From the evidence presented here, there appears to be current health impacts of rising CO2 levels and a significant risk of serious health issues arising in the human population at some time in this century.

This means that most humans could at this time be experiencing persistent body compensation for acidosis effects resulting in serious health problems. The risk for human and animal population health in the near-future is extremely high and should be communicated since global awareness of this issue may enable a change in CO2 emission activities.

link


Health effects of increase in concentration of carbon dioxide in the atmosphere


Because it's medical researchers who are first to recognize this, the awareness is not high among those concerned with climate change. But it is soundly based on human physiology.

It's another case of finding out too late how serious our predicament is.
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Re: Huge pits forming in Arctic permafrost

Unread postby GregT » Thu 23 Mar 2017, 01:20:18

Thanks for that link Cid. Very sobering indeed. At current rates of CO2 increase, we should reach 430ppm within 15 years time.

Wonderful.
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Re: Huge pits forming in Arctic permafrost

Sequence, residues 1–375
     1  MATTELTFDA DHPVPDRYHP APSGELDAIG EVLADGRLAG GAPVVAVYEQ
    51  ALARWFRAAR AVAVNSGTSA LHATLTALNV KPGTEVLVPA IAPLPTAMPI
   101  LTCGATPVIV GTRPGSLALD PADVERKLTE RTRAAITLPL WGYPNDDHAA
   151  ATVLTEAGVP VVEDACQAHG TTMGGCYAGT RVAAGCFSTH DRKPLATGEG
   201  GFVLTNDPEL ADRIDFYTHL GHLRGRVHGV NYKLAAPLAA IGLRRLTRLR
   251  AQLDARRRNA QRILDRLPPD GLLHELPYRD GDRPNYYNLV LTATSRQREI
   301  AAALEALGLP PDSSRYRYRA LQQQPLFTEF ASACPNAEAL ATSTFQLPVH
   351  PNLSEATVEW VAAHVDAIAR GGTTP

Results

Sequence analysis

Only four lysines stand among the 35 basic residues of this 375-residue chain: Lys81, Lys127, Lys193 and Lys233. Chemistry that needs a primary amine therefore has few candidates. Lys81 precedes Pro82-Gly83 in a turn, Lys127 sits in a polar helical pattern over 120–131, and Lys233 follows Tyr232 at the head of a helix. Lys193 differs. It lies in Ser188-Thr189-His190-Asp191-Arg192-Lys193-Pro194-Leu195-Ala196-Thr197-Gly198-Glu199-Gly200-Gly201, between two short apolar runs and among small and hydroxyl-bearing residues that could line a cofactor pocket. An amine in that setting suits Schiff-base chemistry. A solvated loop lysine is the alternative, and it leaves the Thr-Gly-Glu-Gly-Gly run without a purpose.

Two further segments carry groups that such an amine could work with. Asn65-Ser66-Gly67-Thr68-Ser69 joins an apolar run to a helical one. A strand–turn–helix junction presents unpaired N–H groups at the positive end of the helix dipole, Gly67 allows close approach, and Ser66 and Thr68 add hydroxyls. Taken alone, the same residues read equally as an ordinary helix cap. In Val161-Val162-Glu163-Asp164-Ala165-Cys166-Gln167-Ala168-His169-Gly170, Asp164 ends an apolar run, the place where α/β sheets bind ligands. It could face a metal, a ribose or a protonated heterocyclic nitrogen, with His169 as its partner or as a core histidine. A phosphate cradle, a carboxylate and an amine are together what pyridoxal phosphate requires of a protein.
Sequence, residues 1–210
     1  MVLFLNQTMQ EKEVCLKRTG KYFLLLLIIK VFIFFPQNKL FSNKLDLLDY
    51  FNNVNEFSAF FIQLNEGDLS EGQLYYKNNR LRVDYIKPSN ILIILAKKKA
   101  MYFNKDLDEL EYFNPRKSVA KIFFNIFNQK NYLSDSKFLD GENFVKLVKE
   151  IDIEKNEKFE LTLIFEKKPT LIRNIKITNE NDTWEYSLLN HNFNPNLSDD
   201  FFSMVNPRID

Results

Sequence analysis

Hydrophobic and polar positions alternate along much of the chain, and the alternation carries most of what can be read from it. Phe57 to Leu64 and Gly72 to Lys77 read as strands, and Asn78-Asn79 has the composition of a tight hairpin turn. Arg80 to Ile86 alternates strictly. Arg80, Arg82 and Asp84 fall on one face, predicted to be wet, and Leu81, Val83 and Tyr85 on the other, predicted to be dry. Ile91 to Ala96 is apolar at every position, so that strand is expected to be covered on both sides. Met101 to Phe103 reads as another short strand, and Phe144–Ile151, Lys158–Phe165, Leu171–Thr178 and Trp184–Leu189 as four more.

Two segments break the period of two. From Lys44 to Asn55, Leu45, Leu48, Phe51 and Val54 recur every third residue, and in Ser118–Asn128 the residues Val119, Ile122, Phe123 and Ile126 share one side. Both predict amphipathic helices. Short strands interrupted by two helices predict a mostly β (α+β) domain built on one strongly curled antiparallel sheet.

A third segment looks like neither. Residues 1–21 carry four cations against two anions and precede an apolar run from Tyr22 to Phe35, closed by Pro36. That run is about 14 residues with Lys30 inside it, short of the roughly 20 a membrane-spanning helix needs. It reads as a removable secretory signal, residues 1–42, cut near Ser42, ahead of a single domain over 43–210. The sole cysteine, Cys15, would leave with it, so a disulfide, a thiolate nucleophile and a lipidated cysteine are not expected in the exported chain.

Unread postby Cid_Yama » Thu 23 Mar 2017, 06:49:48

The lowest value at which the atmospheric concentration of carbon dioxide could be stabilized by reduction of additions made by human activity (fossil fuel-burning, etc.) is estimated as 550 ppm. To achieve this, severe limitations are required on the latter activities. The most often quoted desirable/attainable stable concentration is 750 ppm. This concentration level is not related in any way to health considerations and is above the estimated dangerous level of 426 ppm. The value is also above the 600 ppm level, which results in the ‘stuffy room’ conditions described above. At the very least, 600 ppm of carbon dioxide in the atmosphere will be unpleasant and there will be no readily available means of reversing the changes giving rise to the above symptoms. Such a situation is unlikely to be tolerable for a lifetime by humans (and other mammals with the possible exception of seals) without deterioration in general health along with serious curtailing of physical activity presently taken as normal.
It is likely that when the concentration of carbon dioxide in the atmosphere reaches 426 ppm in less than two generations from the present date(2005), the health of at least some sections of the world population will deteriorate, including those of the developed nations. It is also obvious that if the extremes of conditions described above come to pass, then the biosphere and humankind are seriously threatened.

link
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Re: Huge pits forming in Arctic permafrost

Unread postby Tanada » Thu 23 Mar 2017, 06:58:53

Cid_Yama wrote:Those limits were set at least 40 years ago while the research in chronic respiratory toxicity of CO2 has only been within the last decade.